Christianity,  News,  Sports

Why the NBA is right and Mozilla is wrong

As you no doubt have heard by now, the NBA has banned Donald Sterling for life from the league (see announcement above). They have also fined him $2.5 million and are pressuring him to relinquish his ownership of the LA Clippers. All of this happened in the wake of revelations that Sterling had made racist remarks in a private conversation.

Folks are rightly wondering about the consistency of supporting the NBA’s decision to punish Sterling’s unpopular views on race while opposing Mozilla’s decision to punish Brendan Eich for his unpopular views on marriage. Isn’t this inconsistent? I don’t think it is, and I explain why in a short piece at “The Federalist.” Read it here.


  • Ian Shaw

    I guess I still see some inconsistency. Here’s my points,

    -$2.5 million fine isn’t going to effect Sterlings wallet a whole lot.
    -the NBA gets to champion diversity//tolerance for it’s brand and yet as I find racism detestible, it goes back to being tolerant unless we disagree with your point of view
    -the NBA gets to keep tv contracts/sponsors (the NBA wouldn’t know how to breathe without TV deals)
    -Sterling is probably going to make a billion dollars on the sale (how is this a punishment?)
    -Sterling will fade away into obscurity and no one will be talking about him in a few months when the new owner gets going with things

    Sounds like it’s a win/win for everybody. Nobody truly loses in the scenario they are going with. Not the fans, not the league, not the players, not the sponsors, not even Sterling.

    Now, if you were not to fire him (say just fine him) and let the fans and sponsors show him from a monetary point of view that his statements were hurtful and ignorant, that would hurt his bottom line. Forcing him to sell the team for probably close to $1billion isn’t even a slap on the wrist. It’s giving the guy a golden parachute.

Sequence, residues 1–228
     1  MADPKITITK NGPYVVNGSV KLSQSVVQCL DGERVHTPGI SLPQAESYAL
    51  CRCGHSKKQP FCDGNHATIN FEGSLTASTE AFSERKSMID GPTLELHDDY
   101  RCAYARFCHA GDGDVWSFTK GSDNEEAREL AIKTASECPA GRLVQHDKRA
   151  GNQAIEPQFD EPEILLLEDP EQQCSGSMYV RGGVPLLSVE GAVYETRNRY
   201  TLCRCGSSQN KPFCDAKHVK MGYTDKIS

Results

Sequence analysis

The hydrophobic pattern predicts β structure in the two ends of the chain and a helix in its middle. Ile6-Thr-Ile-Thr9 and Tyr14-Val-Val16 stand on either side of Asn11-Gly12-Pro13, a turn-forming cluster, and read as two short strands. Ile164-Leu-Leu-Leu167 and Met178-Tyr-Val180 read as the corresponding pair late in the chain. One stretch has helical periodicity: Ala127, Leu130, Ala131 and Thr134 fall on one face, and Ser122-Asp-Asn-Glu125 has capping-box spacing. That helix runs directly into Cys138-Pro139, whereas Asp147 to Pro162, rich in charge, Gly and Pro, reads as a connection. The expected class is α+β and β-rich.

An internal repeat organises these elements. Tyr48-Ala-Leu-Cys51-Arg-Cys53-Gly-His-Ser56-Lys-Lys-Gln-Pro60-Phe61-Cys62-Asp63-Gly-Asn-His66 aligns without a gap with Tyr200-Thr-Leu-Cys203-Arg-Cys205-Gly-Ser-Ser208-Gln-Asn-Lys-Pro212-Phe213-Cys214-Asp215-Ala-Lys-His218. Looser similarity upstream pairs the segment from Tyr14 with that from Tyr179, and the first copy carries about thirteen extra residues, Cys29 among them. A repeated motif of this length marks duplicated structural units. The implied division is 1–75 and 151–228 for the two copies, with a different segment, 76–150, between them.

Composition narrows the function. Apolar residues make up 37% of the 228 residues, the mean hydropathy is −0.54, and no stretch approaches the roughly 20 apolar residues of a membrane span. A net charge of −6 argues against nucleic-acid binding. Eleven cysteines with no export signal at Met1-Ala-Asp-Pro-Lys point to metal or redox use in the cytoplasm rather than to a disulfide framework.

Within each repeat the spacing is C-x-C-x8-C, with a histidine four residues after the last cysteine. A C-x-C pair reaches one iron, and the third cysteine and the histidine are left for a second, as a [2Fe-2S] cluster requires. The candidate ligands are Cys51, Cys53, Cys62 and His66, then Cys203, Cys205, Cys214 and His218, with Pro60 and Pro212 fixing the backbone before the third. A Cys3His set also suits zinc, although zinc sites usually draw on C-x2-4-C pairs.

Denny, doesn’t this just boil down to another case of society claiming pluralism (in this case the NBA and other 30+ owners) and trying to hold to it publically, but trying to claim moral superiority on anyone else’s views that are not normative to their own in the public square? I see huge parallels between this and the baker/florist issue in the SSM debacle.

  • buddyglass

    Do you agree with Sullivan on the hypothetical case in which Eich “told his friends to stay away from faggots” and/or “acted in the workplace to harm gay employees”?

  • Esther O'Reilly

    Eh, I’m sorry, but I have trouble getting exercised over this whole thing. Frankly I think Matt Walsh has it about right. Especially the part where he points out the irony that Obama went out of his way to say something about one dirty old man’s stupid comments about minorities, but offered “No comment” when Kermit Gosnell was cutting the heads off of black babies:

    • Esther O'Reilly

      In summary, I agree with Walsh that there’s something quite troubling and unsavory about a guy getting fired for what he says to a private (and quite unscrupulous) confidante.

      • Ian Shaw

        I just think this isn’t a punishment for Sterling. He bought the team for a $12 million dollars. I’m hearing today it’ll go for at least $700 million. That’s a 5,600% return on his investment, not counting money he made along the way. Tough break for the guy, right?

        • Esther O'Reilly

          There’s more to it though. The company is also FINING him a couple million collars. Whether or not it’s an amount he can afford isn’t the point. The point is that it’s scary for a private company to act like a government in this way. There shouldn’t be contracts with fine print saying that a company can take away your money for things said in private. They just shouldn’t exist.

          • Ian Shaw